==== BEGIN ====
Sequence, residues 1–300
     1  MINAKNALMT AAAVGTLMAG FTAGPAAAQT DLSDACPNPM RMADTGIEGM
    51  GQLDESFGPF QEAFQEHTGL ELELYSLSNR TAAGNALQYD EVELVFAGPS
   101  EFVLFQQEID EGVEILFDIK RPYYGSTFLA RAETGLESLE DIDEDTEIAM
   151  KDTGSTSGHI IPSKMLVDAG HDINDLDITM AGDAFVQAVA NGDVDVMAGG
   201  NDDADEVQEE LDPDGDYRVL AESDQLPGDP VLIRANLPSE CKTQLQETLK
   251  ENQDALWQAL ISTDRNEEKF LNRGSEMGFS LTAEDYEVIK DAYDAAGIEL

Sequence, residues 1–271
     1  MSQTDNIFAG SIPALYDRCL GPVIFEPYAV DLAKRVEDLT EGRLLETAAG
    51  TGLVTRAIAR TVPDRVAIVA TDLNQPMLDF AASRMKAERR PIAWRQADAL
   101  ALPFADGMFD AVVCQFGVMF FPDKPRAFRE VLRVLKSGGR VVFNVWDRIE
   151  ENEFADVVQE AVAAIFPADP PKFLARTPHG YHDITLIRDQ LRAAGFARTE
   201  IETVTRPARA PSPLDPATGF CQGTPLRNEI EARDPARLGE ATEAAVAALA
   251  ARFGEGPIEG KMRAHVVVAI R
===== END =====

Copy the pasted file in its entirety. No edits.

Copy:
Sequence, residues 1–300
     1  MINAKNALMT AAAVGTLMAG FTAGPAAAQT DLSDACPNPM RMADTGIEGM
    51  GQLDESFGPF QEAFQEHTGL ELELYSLSNR TAAGNALQYD EVELVFAGPS
   101  EFVLFQQEID EGVEILFDIK RPYYGSTFLA RAETGLESLE DIDEDTEIAM
   151  KDTGSTSGHI IPSKMLVDAG HDINDLDITM AGDAFVQAVA NGDVDVMAGG
   201  NDDADEVQEE LDPDGDYRVL AESDQLPGDP VLIRANLPSE CKTQLQETLK
   251  ENQDALWQAL ISTDRNEEKF LNRGSEMGFS LTAEDYEVIK DAYDAAGIEL

Sequence, residues 1–271
     1  MSQTDNIFAG SIPALYDRCL GPVIFEPYAV DLAKRVEDLT EGRLLETAAG
    51  TGLVTRAIAR TVPDRVAIVA TDLNQPMLDF AASRMKAERR PIAWRQADAL
   101  ALPFADGMFD AVVCQFGVMF FPDKPRAFRE VLRVLKSGGR VVFNVWDRIE
   151  ENEFADVVQE AVAAIFPADP PKFLARTPHG YHDITLIRDQ LRAAGFARTE
   201  IETVTRPARA PSPLDPATGF CQGTPLRNEI EARDPARLGE ATEAAVAALA
   251  ARFGEGPIEG KMRAHVVVAI R